Higher ERP charges, fewer carpark spaces and more expensive parking rates won’t convince drivers to give up their cars, says our senior writer.
CARS are addictive.
And I don’t just mean in the driving sense. I’m also referring to the convenience they offer, which is something many of us cannot live without.
Indeed, commuting or “BMW-ing” (bus, MRT, walk) from my home in Pasir Ris to my workplace in Toa Payoh takes me an hour, whereas driving would only take me 30 minutes. That’s 2.5 hours saved every week.
That’s why private-hire services are so popular. Indeed, many of us also use them when we’re overseas.
But during a holiday in Taiwan three months ago, I decided to avoid taking any taxis or private- hire vehicles. I not only wanted to experience the Taipei Metro and its famed reliability, but give myself a break from cars, too.
The thought of commuting in Taiwan made me apprehensive at first, as I was afraid that my limited Chinese vocabulary would get me nowhere. Although there are plenty of signs in English, everything else is written in traditional Chinese characters.
But as it turned out, commuting in Taipei was actually a pleasant experience. There were no breakdowns to speak of, the trains were always punctual and passengers would properly queue up to board them.
Oh, and the toilets in the stations there were really clean, too. Especially when compared to the ones we have in our MRT stations, some of which are so filthy that their stench alone will cause people to retch.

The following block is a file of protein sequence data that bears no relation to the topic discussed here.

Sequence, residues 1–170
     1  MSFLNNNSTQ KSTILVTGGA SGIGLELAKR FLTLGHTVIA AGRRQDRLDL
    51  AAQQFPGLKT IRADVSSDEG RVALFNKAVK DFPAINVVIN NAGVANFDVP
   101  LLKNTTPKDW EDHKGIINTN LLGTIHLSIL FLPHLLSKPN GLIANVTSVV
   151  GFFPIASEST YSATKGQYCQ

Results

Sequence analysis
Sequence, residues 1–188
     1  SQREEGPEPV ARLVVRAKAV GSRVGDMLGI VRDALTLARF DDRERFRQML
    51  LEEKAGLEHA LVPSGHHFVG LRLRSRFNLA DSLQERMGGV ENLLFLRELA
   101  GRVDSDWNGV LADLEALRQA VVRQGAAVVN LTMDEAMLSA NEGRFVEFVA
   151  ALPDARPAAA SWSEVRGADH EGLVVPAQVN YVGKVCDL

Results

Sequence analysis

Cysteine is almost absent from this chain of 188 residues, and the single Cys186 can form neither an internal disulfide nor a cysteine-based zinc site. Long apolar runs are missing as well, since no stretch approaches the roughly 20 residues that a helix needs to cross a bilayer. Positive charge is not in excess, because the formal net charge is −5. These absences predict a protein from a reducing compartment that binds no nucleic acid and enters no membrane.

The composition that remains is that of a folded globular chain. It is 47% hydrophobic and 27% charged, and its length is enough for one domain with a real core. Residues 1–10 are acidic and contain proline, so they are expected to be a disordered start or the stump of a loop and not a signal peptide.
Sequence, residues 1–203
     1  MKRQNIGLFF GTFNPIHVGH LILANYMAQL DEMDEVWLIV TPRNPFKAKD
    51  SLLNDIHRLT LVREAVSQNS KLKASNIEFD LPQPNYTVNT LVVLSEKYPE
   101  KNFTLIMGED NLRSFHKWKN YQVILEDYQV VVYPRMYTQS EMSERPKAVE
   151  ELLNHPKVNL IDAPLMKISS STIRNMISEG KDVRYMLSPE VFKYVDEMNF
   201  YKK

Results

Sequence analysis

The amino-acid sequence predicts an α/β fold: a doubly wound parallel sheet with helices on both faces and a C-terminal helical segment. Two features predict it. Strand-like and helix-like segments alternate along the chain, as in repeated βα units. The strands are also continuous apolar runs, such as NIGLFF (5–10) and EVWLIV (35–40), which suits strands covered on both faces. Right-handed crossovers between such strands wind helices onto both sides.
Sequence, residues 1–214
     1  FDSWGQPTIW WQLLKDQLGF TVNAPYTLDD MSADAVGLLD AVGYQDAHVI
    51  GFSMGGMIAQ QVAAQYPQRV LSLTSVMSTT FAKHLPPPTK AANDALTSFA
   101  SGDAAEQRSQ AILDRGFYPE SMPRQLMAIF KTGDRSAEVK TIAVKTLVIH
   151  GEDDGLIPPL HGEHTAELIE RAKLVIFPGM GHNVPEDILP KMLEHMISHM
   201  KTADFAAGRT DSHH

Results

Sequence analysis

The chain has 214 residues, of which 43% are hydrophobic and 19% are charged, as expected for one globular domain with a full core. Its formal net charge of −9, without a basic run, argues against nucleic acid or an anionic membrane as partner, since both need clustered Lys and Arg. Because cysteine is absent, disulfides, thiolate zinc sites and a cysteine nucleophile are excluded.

Signs like these may become the norm if public transport becomes a quicker alternative to driving.
I rode the Taipei Metro several times a day for a week. During that time, I never witnessed anyone yakking loudly on the phone. I also never had to endure anyone’s choice of tunes either, since nobody was listening to music with the volume so loud that you could hear it emanating from their earphones. These scenarios are so common on our MRT trains that severe hearing loss must be endemic in Singapore.
After spending a car-less week in Taipei, I yearned to get behind the wheel of my car again. At the same time, I also realised that it was possible not just to go car- lite, but car-less in Singapore.
Thus far, however, the steps being lined up to liberate us from our addiction to cars feel more like sticks than carrots.
Higher carpark charges and ERP rates won’t dissuade well- heeled motorists and car lovers from acquiring automobiles. The former won’t be affected by higher running costs, while many of those in the latter camp feel that since they worked so hard to buy a car, they now have to utilise it as much as possible to get their money’s worth.
And reducing the number of carpark spaces will only affect the middle class. If they haven’t already, wealthier motorists will just hire chauffeurs.
To me, the best way to convince someone to give up his vehicle is to make our public transport system so efficient and robust that the time taken to commute anywhere becomes comparable to the time it would take to drive there.
Yes, that is a tall order. But it is just as lofty as the goal of becoming a car-lite nation.
In my case, if it took no longer than 30 minutes for me to commute from home to office (waiting time included), there would be no reason, apart from my love of driving, to continue owning a car.
Singaporeans are a pragmatic bunch. If public transportation was quicker and more cost-effective than driving a car or taking a cab, people will make the switch themselves. No additional carrots or sticks required.
But until that day comes, motorists here will continue to be addicted to their cars, because apart from being pleasurable, driving remains the most convenient and comfortable way of getting around in Singapore.
AT THIS POINT, THE ONLY WAY ANYONE COULD PERSUADE JEREMY TO “BMW” TO WORK WOULD BE TO PASS HIM THE KEYS TO A BMW M2.
THE BEST WAY TO CONVINCE DRIVERS TO GIVE UP THEIR CARS IS TO MAKE COMMUTING MORE EFFICIENT THAN DRIVING.
ILLUSTRATION & PHOTO 123RF.COM